Death dominates the bay’s edge in midwinter. Life needs light, and the sun’s long shadows tell the story.
The gulls, beasts of the beach, are dwindling in number, seemingly mocked by the diving ducks, beasts of the bay, who arrive each winter, exuberant and alive, finding plenty of life beneath the gray-steel surface of the Delaware Bay.
The day’s walk was punctuated with whelk collars and angel wings left by the receding tide. No ice today, but more is coming next week.
As I walked I was startled by a large crow–I had stumbled close enough to hear its wings beat the air as it rose from the beach. Crows are uncommon on the beach–they usually have a reason why they’re here. In a moment I saw why.
In the summer, northern gannets can be seen crashing into the bay–they easily swim to the bottom, then grab bunker as they glide up through the water to resurface. In the summer light the birds look impossibly white.
Here on our beach lies a bird that has traveled thousands of miles in its lifetime. It has been dead for at least a few days, its eyes no longer the bay blue gray of the living.
Its beak looks startlingly lethal, the serrated edges the last thing felt by thousands of writhing fish caught when this gannet still breathed.
Despite the long shadows, the cold air, the slate upon gray where the sky meets the bay, there are splashes of color among the dead, a reminder that the light is returning, and spring will return for those who can hold out through the winter.
Only a few humans walked this particular beach this particular afternoon, and there were as many dog prints as boot prints. But at least one soul bared her soles on this chilly January afternoon, a mortal’s reminder to live.
Went clamming this morning–chilly dawn, quarter moon, and tame tide meant I may have burned as many calories as I raked up for dinner. But that’s not why I clam. After a week under fluorescent lights hearing folks reveal what they know to be true, I need to feel the back bay wash my over my feet to remind me what’s real, to feel my fingers become clumsy as a toddler’s as they grope into the mud to pull out another clam, to feel the human world of words dissolve in the chatter of geese and gulls. If you do not know what’s real, if your feet never (literally) touch the earth, then you will believe anything. And most of us do.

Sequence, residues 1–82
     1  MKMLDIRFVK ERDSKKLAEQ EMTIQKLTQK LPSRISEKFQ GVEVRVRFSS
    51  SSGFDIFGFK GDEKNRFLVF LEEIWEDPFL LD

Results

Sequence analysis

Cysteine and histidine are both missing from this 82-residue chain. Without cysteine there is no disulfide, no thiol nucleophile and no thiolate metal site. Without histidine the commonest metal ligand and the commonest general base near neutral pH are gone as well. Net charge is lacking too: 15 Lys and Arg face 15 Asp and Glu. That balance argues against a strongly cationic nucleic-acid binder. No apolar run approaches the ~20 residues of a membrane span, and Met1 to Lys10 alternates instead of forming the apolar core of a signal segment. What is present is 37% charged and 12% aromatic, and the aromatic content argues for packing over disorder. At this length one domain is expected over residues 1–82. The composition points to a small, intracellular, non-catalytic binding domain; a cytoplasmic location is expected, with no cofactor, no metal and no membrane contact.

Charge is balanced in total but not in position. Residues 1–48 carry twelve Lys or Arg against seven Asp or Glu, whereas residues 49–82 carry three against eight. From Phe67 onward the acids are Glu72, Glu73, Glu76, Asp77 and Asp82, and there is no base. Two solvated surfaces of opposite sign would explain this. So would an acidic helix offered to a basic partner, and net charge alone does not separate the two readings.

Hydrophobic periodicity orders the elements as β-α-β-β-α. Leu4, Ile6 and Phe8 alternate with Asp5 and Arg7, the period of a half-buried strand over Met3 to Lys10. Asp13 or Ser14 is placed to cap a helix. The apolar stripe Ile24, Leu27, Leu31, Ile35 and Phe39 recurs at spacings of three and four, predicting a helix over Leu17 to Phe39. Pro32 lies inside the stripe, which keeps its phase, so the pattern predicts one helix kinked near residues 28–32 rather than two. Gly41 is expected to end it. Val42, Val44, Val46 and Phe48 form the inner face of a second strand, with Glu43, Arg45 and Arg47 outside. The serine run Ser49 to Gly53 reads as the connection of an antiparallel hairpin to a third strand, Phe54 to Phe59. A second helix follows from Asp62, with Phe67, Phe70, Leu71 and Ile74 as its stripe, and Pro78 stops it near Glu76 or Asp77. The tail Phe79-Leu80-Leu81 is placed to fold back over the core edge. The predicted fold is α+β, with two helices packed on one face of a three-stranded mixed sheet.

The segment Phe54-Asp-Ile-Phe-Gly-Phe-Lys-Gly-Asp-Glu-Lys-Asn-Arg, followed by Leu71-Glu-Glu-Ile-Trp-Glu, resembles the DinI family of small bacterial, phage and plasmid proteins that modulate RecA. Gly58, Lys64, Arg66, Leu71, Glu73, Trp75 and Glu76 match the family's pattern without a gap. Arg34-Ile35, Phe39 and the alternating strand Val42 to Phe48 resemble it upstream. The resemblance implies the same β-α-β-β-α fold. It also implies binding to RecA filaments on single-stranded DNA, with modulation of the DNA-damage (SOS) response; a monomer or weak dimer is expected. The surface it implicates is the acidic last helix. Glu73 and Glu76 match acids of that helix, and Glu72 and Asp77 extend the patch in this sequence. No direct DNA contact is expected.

If you grew up in the States anywhere but a farm, chances are pretty good you learned of natural cycles through your church. While our dominant culture thrives on linear growth, most religions honor the cycles of life and death.
Science is the closest thing we have to true religion in public school these days, technology the furthest. Science seeks the mystery, technology exploits it. Very little science happens in schools.
We’re in the dark days now, and will be for some time. The dying sunlight reminds us, if we care to see, that all things fall apart. The sun has shifted, the shadows have lengthened, the cold darkness creeps in.
Delaware Bay in winter, North Cape May
If your child spends most of her waking hours either in school or in front of a screen, she will learn to live in a world without tides, without death, without the slow grace of our sun. She (like so many others) will fail to discern the natural world, the one we’re all tied to, from any of the multiple artificial universes available to her. Of all the Commandments, the wisest may be the first:
You shall not make for yourself a graven image, or any likeness of anything that is in heaven above, or that is in the earth beneath, or that is in the water under the earth; you shall not bow down to them or serve them.
What we see and smell gets down to molecules, which get down to mass/energy, which gets down to the unknowable. Science requires a basic faith in logic, in math, in entropy, in our senses, and ultimately a humbling recognition of our place in the universe. Science promises death.
School and the economy it now serves requires a disconnect from the natural world and ultimately a basic faith in what somebody else tells you. Our culture promises immortality.
Horseshoe crab spine, North Cape May
I’m going with death.
There are no standards or Commandments on a mudflat.